Stochastic semantic analysis

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Stochastic semantic analysis is an approach used in computer science as a semantic component of natural language understanding.

Stochastic models generally use the definition of segments of words as basic semantic units for the semantic models, and in some cases involve a two layered approach.[1]

Example applications have a wide range. In machine translation, it has been applied to the translation of spontaneous conversational speech among different languages.[2] In the area of spoken language understanding the fact that spoken sentences often do not follow the grammar of a language and involve self-corrections, repetitions, and other irregularities, the use of stochastic semantic has been suggested as a natural fit to achieve robustness to deal with noise due to the spontaneous nature of spoken language.[3]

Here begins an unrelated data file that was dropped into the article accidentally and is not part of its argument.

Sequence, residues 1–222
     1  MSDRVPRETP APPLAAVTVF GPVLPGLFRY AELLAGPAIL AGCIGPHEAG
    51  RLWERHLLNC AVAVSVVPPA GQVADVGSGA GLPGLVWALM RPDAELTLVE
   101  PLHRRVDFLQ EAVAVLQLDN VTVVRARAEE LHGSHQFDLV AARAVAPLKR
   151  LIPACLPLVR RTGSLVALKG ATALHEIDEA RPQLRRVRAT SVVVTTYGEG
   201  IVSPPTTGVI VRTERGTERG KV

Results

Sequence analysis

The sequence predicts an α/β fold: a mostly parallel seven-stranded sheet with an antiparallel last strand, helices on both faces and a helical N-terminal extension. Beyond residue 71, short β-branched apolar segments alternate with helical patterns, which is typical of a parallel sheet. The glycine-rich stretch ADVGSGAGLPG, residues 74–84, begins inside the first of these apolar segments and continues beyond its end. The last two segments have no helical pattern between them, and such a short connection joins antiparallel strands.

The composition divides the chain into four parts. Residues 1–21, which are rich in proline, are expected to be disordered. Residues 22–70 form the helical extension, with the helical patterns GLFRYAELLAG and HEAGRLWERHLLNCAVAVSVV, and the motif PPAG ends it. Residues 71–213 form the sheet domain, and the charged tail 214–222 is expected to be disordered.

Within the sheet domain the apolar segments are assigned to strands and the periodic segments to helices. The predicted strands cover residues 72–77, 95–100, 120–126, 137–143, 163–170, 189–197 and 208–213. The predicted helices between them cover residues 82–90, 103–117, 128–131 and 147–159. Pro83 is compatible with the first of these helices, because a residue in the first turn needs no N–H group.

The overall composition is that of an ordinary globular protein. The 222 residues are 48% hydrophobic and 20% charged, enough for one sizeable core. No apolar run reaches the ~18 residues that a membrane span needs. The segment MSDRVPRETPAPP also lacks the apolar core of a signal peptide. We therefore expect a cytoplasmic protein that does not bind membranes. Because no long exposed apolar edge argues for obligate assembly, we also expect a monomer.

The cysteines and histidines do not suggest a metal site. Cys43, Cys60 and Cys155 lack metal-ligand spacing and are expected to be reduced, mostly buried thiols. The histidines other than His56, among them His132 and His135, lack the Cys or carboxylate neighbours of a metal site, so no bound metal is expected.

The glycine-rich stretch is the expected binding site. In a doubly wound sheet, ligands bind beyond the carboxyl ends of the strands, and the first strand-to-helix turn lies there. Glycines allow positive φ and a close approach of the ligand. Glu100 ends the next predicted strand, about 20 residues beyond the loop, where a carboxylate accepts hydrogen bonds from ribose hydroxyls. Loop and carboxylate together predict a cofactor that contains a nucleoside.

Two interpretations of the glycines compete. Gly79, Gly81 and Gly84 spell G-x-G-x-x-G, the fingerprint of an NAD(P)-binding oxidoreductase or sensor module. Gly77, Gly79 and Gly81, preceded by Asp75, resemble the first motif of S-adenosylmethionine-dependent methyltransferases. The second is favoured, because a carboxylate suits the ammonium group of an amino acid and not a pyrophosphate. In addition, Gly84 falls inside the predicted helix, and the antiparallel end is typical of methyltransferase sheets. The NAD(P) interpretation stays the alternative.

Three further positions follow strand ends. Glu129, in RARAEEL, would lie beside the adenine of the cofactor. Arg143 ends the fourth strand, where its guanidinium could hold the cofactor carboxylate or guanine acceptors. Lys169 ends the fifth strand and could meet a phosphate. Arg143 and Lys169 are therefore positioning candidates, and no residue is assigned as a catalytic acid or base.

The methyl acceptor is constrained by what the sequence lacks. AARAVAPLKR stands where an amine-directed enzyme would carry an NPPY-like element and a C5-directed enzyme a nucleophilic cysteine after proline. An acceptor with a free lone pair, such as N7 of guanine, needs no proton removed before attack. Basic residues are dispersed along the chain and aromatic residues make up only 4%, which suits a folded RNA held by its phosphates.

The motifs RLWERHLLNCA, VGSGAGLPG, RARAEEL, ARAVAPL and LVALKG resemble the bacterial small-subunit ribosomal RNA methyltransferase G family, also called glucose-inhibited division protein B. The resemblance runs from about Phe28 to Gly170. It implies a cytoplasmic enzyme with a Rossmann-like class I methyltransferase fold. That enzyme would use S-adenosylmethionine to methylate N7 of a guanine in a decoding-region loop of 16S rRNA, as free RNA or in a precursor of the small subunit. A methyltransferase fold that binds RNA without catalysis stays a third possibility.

References[edit]

  • Stochastically-based semantic analysis by Wolfgang Minker, Alex Waibel, Joseph Mariani 1999 ISBN 0-7923-8571-3

Notes[edit]

  1. ^ Language Understanding Using Two-Level Stochastic Models by F. Pla, et al, 2001, Springer Lecture Notes in Computer Science ISBN 978-3-540-42557-1
  2. ^ W. Minkera, M. Gavaldàb and A. Waibel Stochastically-based semantic analysis for machine translation in Computer Speech & Language Volume 13, Issue 2, April 1999, Pages 177-194
  3. ^ R. De Mori et al, Spoken language understanding in IEEE Signal Processing Magazine, May 2008 Volume: 25 Issue: 3, pages 50 - 58 ISSN 1053-5888